When Birjot Kaur worked at a physical therapy clinic in Queens, New York City, she’d spend a lot of time with elderly patients. Some of them didn’t have families at home and Kaur – then a receptionist at the clinic – was happy to talk. She grew close with the seniors, who’d treat her like their grandchild.
Then the COVID-19 pandemic surged in New York City, putting Kaur in the epicenter of the public health crisis. Several of the older patients she knew died. Kaur noticed disparities in which neighborhoods had worse infection rates and less access to testing. They were similar to the neighborhood where she worked and grew up: Richmond Hill, a section of Queens.
“One patient resembled my grandfather a lot, who had just passed prior to the pandemic, and I told him that the first time he came to the clinic,” recalled Kaur, now a student at the USC Price School of Public Policy. “He said, ‘If you don’t have him anymore, I’ll be your grandpa.’ And that was the patient who passed away right after we opened the clinic back up. He changed everything for me.”
The pandemic motivated Kaur to pursue a career in health policy after previously wanting to be a lawyer. She came to the USC Price School in 2021 to earn a Master of Health Administration, seeking to carry out policies that correct health disparities. Two years later, she is headed back to New York City after she graduates in May. She will be an administrative fellow at the Columbia University Irving Medical Center.
“I want to be a part of the fight against health disparities,” Kaur said. “In 10 years, I see myself opening up clinics in underserved communities similar to those I grew up and did my residency in.”
That previous residency, with the healthcare services company Optum, gave Kaur experience with a poorer, underserved population. She spent 10 months at a clinic in San Bernardino, where she helped with operations such as patient outreach for preventative screenings. She also assisted with implementing a new electronic health record and rebranding efforts after Optum’s acquisition of the clinic. She organized food drives and donations to families in need during the holidays, too.
“I got to see how this organization changed the lives of patients in the San Bernardino area,” Kaur said. “I was able to witness a bottom-up approach with quality of care.”
Hadia Laichi, director of clinical operations at Optum San Bernardino, said Kaur was “not just an MHA resident that needed to complete a thousand hours in order to graduate. She was part of the team.”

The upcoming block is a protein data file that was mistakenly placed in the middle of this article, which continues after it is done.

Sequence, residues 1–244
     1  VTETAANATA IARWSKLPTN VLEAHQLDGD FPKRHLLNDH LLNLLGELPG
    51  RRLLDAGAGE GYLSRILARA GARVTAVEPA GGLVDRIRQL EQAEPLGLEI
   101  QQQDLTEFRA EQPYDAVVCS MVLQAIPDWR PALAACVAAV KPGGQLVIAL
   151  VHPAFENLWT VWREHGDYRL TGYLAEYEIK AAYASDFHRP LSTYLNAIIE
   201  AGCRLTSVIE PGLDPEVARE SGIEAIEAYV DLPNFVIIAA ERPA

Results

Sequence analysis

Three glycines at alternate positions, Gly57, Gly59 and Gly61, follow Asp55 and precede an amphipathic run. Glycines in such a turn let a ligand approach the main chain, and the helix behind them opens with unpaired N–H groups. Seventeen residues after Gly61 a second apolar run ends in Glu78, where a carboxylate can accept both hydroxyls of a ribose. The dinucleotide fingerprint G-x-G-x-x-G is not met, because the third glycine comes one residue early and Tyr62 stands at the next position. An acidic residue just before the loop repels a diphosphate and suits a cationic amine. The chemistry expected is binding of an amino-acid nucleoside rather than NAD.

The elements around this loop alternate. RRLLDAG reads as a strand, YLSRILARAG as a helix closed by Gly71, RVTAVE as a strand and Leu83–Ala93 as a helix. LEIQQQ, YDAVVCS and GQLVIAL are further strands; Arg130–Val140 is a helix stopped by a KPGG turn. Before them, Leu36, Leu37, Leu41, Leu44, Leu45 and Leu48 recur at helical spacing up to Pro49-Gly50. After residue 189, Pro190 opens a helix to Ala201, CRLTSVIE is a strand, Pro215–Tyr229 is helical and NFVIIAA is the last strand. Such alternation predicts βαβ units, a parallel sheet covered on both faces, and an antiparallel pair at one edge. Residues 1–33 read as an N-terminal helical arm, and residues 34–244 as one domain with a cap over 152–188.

“Birjot constantly impressed us by her performance, creativity, and innovative thinking,” Laichi continued. “Her unique perspective added so much to the team. We’re so grateful to have had her with us.”
Kaur credits the USC Price School for not only the residency, but teaching her about social determinants of health. She recently worked on a class project in which students examined a population and identified the social determinants of health there, then came up with ideas to mitigate those issues.
These issues hit close to home. Kaur grew up in a low-income, low-educated community that fared worse during the pandemic than its more affluent neighbors just a few miles away.
At the physical therapy clinic in Richmond Hill, Kaur said she was the first person to receive the COVID-19 vaccine and advocated for it when speaking to patients hesitant to get the shot.
“I spoke to all the patients who had a totally different viewpoint on the vaccine, because culture has a significant impact on beliefs especially when it comes to healthcare,” said Kaur, who is Punjabi. “Since we share the same culture, I attempted to educate the patients on the misconceptions that have been circulating about the vaccine.”
She even scheduled vaccine appointments for any patient who needed help – a task that went well beyond her job description.
“It upset me that most of these elderly patients were unable to schedule vaccine appointments because they didn’t know where and how to schedule them and they weren’t given the necessary resources by community officials,” such as instructions in their primary language, Kaur said. “So I did it for them.”
On campus, Kaur was a member of the Student Health Council and served as Wellness Director, putting her in charge of social events. Kaur often brought therapy dogs to campus to help students relax, especially during midterms.
After commencement on May 12, Kaur will work in the neurosurgery department at Columbia University Irving Medical Center. Similar to her residency at Optum, she will work with management in a newly-acquired department. While she’s glad to be going back home, she’s grateful for the time spent in California, which provided a more relaxed lifestyle, yet still got her to the next stage of her career at a young age.
“I would have never gotten to the places that I’m going to if it wasn’t for Price,” Kaur said. “Price, as a community, gave me everything that I have, and I’m very thankful for that.”